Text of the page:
The Supreme Court struggled Tuesday to define limits to the Constitution’s Fourth Amendment in a tragic case in which a U.S. Border Patrol agent fired his weapon and killed a 15-year-old boy on the Mexican side of the line.
Some of the justices feared that if they went too far, they could open the U.S. military to claims from victims of drone attacks in foreign countries. But the court’s liberal wing worried that unless they gave the family its day in court, it had no recourse to punish rogue agents.
“You have a very sympathetic case,” Justice Stephen G. Breyer told the attorneys for the family of Sergio Hernandez, the boy killed in 2010 by the shot fired by agent Jesus Mesa Jr.
Mr. Mesa was cleared after a probe by the U.S. government, which said it could not establish that he violated Border Patrol policies.
The family says it wants justice in the courts. The only problem: Lower courts have ruled that since the boy was in Mexico, the Fourth Amendment protections don’t apply in this case.
Robert C. Hilliard, the attorney for the Hernandez family, cast his case as a defense for other Mexicans who might find themselves in the same situation. He said there is an “ongoing domestic routine law enforcement issue” that needs to be solved.
“We’re here because the interaction of the Border Patrol in this area, the government has taken the position that on the border, the Constitution turns off if the deadly force goes across the border,” he said.
He said there have been 10 instances in which the Border Patrol has fired from the U.S. into Mexico and killed someone.
Ahead of Tuesday’s oral argument, some analysts said the case could give an indication of how the justices might rule on the extreme vetting executive order issued by President Trump. That order has been mostly blocked by federal courts, which ruled that potential visitors outside the U.S. and foreigners inside the U.S. illegally have constitutional rights that must be respected.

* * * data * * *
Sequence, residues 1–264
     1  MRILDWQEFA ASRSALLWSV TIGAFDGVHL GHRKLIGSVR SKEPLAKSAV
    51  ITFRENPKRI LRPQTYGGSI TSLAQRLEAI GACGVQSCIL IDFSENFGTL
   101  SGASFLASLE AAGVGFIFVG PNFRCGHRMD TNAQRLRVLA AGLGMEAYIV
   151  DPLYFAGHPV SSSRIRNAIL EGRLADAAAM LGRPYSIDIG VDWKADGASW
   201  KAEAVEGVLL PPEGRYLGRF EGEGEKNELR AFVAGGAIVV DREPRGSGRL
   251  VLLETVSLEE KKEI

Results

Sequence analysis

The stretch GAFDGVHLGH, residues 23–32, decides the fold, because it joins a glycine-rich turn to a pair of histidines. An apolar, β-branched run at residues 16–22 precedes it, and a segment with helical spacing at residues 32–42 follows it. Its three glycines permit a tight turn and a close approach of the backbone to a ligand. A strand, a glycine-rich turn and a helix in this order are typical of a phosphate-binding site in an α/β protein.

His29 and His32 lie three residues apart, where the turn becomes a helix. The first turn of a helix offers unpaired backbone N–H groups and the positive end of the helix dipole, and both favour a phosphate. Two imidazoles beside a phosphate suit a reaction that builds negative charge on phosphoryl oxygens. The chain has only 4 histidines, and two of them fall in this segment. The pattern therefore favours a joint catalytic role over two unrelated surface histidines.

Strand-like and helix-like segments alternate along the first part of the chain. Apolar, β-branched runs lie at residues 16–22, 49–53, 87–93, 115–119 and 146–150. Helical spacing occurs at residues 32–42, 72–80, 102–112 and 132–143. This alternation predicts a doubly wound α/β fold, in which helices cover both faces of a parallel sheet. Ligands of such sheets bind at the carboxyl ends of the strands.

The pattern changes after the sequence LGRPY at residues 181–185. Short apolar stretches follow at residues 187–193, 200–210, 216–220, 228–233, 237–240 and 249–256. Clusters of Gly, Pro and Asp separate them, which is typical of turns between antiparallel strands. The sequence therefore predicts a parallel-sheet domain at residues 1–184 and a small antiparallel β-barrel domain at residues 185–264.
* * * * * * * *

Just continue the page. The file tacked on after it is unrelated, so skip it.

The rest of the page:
But the justices didn’t stray far afield Tuesday. Instead, they debated whether they could draw a line that would allow the family to sue in this case but wouldn’t open a whole category of lawsuits against U.S. troops who create collateral damage.
“How do you analyze the case of a drone strike in Iraq where the plane is piloted from Nevada?” Chief Justice John G. Roberts Jr. asked Mr. Hilliard.
Justice Ruth Bader Ginsburg waved aside those concerns, saying “that’s a military operation” that could be distinguished from a border encounter involving a federal law enforcement officer.
The chief justice did not seem swayed by the distinction, particularly in a tort claim against a federal employee.
The case could turn on the exact spot where the slaying occurred. The boy was shot in a culvert that is maintained by both the U.S. and Mexico — though the ground where he fell is clearly on the Mexican side, the attorneys said.
Some of the court’s liberal justices said that if the U.S. government has some authority over the territory, that could be a zone where Fourth Amendment protections against searches and seizures — and in this case unlawful death — would apply.
But Randolph J. Ortega, Mr. Mesa’s attorney, said the matter of the border can’t be minimized.
“Wars have been fought to establish borders. The border is very real,” he said.
Mexico had asked for Mr. Mesa to be extradited to face charges there, but the U.S. government refused. The Mexican government then backed the family’s lawsuit in court.